As increasing numbers of advisers exit the industry, practices are willing to pay top dollar for skilled practitioners who can service clients efficiently and have an entrepreneurial bent, according to an adviser social network.
XY Adviser co-founder Adrian Patty told ifa that discussions with advice practices indicated wages had been rising for experienced advisers with specialist skills and an ability to fit into a team culture.
“Because the pool of advisers is getting smaller and demand [for advice] is getting higher, the practices are getting specific about what fit they want,” Mr Patty said.
“I know a few advisers in the last year where their pay packets have gone up decently. Part of it is the demand and trying to get the quality people for practices – the risk from compliance is high so it’s worth paying for the right person. That shortage is creating a push for higher wages for advisers.”
Mr Patty said the social network was launching a job marketplace for its paid members after finding it was “one of the biggest uses” of the XY Adviser team’s time helping practices source new employees.
“Because of that demand there's no effective channel for practices to find staff – Seek doesn’t seem to deliver the goods so we decided we would solve the problem,” he said.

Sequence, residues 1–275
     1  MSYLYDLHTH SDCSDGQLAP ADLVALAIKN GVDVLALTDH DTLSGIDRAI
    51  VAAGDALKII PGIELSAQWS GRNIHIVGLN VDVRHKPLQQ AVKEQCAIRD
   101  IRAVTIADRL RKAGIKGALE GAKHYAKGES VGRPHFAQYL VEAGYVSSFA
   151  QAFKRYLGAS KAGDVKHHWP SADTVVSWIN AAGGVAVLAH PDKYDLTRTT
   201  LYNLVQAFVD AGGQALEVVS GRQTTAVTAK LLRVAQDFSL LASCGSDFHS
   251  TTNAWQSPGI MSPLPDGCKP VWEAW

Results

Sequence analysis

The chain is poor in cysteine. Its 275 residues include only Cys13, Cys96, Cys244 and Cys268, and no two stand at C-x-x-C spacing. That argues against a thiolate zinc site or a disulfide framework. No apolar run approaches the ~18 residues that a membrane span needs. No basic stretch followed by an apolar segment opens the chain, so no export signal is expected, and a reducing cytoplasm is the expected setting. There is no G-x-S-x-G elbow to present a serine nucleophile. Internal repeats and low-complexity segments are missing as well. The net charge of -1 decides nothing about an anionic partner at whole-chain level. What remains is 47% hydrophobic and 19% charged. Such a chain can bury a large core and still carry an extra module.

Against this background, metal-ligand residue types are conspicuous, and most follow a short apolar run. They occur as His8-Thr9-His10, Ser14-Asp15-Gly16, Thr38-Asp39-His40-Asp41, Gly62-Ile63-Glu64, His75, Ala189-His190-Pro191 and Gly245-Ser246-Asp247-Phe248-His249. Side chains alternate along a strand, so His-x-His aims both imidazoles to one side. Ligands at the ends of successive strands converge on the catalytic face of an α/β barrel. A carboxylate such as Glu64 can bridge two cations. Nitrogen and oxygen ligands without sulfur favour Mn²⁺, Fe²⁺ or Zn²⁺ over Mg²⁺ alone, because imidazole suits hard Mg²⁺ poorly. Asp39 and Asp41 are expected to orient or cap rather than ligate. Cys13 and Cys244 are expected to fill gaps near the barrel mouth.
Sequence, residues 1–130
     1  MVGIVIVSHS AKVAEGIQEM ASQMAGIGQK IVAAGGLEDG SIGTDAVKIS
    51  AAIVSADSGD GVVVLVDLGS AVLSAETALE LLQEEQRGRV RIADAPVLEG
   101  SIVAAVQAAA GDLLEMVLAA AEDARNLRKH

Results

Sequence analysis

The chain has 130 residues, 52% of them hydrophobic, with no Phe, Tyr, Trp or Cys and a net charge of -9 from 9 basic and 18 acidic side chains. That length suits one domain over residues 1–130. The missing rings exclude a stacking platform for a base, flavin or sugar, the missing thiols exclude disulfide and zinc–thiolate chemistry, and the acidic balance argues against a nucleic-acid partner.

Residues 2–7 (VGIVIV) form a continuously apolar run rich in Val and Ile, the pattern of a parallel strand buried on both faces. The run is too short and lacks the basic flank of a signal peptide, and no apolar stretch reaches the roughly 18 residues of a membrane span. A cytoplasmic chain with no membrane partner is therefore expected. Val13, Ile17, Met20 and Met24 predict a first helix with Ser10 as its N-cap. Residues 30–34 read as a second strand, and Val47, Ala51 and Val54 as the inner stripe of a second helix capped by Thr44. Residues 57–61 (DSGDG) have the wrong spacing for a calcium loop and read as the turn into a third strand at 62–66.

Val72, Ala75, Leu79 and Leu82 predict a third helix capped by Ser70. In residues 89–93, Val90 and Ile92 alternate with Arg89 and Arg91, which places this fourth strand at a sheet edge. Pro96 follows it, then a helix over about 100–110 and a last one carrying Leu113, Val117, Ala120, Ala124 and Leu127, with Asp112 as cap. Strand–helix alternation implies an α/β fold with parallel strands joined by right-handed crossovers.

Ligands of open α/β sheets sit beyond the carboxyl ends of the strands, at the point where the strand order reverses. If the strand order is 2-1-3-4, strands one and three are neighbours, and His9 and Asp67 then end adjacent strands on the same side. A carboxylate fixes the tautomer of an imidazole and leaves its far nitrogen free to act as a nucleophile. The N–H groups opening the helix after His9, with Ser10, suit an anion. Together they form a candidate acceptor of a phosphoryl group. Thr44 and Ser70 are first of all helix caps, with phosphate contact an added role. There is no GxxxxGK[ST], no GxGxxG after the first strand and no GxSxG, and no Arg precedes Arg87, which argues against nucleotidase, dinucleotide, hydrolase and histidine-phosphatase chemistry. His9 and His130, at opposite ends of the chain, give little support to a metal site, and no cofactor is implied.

“One of the things that comes into play is the hunter vs servicing adviser concept. A lot of businesses are set up to feed clients to advisers – they might have a good marketing funnel and they’re able to give leads and they’re looking for people who can do good advice and treat those people well.
“Whereas with other businesses, there is a lot of focus on growing the funnel and putting that onto the advisers, where the emphasis comes from ‘I can make a massive difference to the business development’.”
Mr Patty said the FASEA professional year standard had “completely turned the tap off” in terms of new talent in advice, and that most businesses could not afford the time or money to train staff to the extent required.
“There doesn’t seem to be an easy way to increase the supply of advisers available – even if demand [for advice] is there, the supply of advisers is restricted,” he said.
“Most practices looking around [for staff] are not massive practices, they are small businesses and are short on resources, so any time they can have someone that requires less training, they will take that. The conversation is more that they want someone to take over some of their existing clients.”
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